Published November 13th, 2014 at 10:27 AM
Sen. Pat Roberts and Gov. Sam Brownback were the big winners last Tuesday in Johnson County, Kansas, but Mickey Mouse also appeared on ballots in the county.
So did Beyoncé, Cookie Monster, Professor Dumbledore and President Obama.
These familiar names, in addition to many others, were written in by Johnson County voters. The complete list of write-in votes was provided to the Hale Center by the Johnson County Election Office.
The name that received the most write-in votes was Mickey Mouse. Disney’s famous cartoon rodent was written in dozens of times for positions from U.S. Senator to County Commission Chair. His wife, Minnie, received about a third as many write-in votes as her husband. Debbie Tyrell, deputy election commissioner at the election office, said that this amount of votes for Mickey is typical.
Even though many Disney fans are familiar with the Mickey Mouse Club theme song — “M-I-C-K-E-Y M-O-U-S-E” — variations on the spelling of Mickey’s name appeared on the ballots. “Mikey” and “Micky” were common. Fortunately for those voters, misspelling a candidate’s name doesn’t necessarily mean their vote won’t be counted.
According to Kansas law, the name must be “spelled correctly enough” to make the voter’s intention clear. The same goes for handwriting legibility.
This is also good news for those who voted for Jesus, the second-most written-in candidate. Ballots that read “Jesus” and “Jesus Christ” would probably be counted together since the intended candidate is clear. Two other religions were represented on the write-in list: “Satan himself” and “the Flying Spaghetti Monster” of the Pastafarian religion. Those deities received one vote each.
If some write-in voters had their way, Kansas government would be made up of various comic book characters: Superman, Batman, Thor and Iron Man all appeared on Johnson County ballots. And, in what must have been an arrangement between friends, Fantastic 4 member Sue Storm received 6 votes in the race for State Board of Education.
You might well ask: Seriously? The answer is: Not always. It’s apparent from these write-in candidates that voters are often joking: No one actually expects Bart and Homer Simpson to walk out of televisions to run the State Board of Education; Arnold Palmer (the half-lemonade/half–iced tea beverage) won’t be commissioner of insurance anytime soon.
“I think that a lot of the people that are doing the write-ins think that they’re humorous,” said Tyrell, who is responsible for documenting write-ins for Johnson County and who isn’t amused. “There was one person that apparently voted for ‘my dog’ for everything. I don’t know why people do that. It’s just throwing their vote away.”
Many voters wrote “anyone” or “anyone else” on their ballot, seeming to indicate that they didn’t approve of the candidates, but couldn’t think of an actual person to write in. Some voters even wrote “abstain.” Writing “abstain” isn’t necessary to do so: The voter can simply not fill a bubble for that specific race on the ballot. Tyrell said voters do this purposefully, however.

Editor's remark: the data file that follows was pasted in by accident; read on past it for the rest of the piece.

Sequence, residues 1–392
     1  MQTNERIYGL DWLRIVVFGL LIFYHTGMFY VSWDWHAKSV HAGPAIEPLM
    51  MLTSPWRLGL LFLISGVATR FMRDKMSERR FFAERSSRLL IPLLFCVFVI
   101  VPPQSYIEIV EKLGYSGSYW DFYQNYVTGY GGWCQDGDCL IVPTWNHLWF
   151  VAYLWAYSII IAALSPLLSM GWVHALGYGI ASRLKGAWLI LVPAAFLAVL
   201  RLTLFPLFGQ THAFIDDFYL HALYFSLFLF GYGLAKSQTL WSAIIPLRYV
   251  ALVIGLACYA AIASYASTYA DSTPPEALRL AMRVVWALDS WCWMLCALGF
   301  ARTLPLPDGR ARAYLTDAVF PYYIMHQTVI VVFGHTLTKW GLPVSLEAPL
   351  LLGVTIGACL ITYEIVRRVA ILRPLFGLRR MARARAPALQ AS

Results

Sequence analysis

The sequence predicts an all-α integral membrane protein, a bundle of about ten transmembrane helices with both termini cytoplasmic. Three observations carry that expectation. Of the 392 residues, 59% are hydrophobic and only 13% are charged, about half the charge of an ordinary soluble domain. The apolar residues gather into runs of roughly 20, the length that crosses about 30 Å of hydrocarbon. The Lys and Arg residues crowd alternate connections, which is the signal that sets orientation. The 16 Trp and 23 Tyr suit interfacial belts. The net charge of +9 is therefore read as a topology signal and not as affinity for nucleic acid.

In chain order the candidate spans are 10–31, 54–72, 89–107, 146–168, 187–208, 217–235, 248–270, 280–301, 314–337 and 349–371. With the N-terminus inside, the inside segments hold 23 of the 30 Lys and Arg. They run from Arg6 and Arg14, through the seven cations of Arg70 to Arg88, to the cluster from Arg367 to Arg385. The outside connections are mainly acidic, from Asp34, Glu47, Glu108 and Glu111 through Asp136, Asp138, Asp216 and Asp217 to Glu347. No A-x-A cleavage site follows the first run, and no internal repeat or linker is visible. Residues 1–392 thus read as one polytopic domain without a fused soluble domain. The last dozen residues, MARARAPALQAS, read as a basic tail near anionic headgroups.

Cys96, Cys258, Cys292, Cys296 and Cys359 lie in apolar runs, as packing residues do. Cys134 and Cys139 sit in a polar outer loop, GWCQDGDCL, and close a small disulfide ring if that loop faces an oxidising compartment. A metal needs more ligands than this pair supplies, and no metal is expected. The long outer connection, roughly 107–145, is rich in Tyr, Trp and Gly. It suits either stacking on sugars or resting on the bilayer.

“They want to make a point,” she said. “They want to make it clear that they didn’t want to vote for anyone.”
While some voters are throwing their vote away by writing in, in several small Kansas townships, write-in votes determined the race.
“There were several small townships that didn’t have any candidates, and those were decided by write-ins,” Tyrell said.
The new Olathe and Spring Hill township clerks were decided by 15 and 47 votes, respectively.
“In Kansas, it’s the one that has the most votes regardless of how few that is that wins,” Tyrell said of the low numbers.
The race with the most variety was for State Board of Education. Since only one candidate was on the ballot, Tyrell said voters got creative with their picks. Write-ins included everyone from PBS stars like Neil deGrasse Tyson, Bill Nye the Science Guy and Sid the Science Kid, to local DJ Lazlo of 96.5 the Buzz.
“When there’s only one person running, then you tend to have more write-ins,” Tyrell said. ”There were some people, who, for their write-in vote, wrote, ‘Where are the choices?’”
Some voters got even more creative, writing “anyone who won’t put religion in sch(ools),” “anyone who is actually qualified” and “Republicans have no role in school.”
While Tyrell said that the write-ins of this election were typical of any election, she did say that some names come in and out of trend.
“Certain names become fashionable at certain times, you know, if somebody’s in the news or something,” she said.
The Kansas City Royals, fresh off an ultimately unsuccessful play for the World Series, were the names in vogue for this election cycle.
Billy Butler was part of the U.S. senate race, and Salvador Perez was written in for county commissioner in the 4th and 5th districts. The team’s coach, Ned Yost, was written in for nearly every race on the ballot. “Moose” (Mike Moustakas), George Brett and Korean superfan Sung Woo Lee also received votes.
Other write-ins that stood out? Potato for State Board of Education. Bob Dole for U.S. senator. And Farly McFarterson for county commission chair.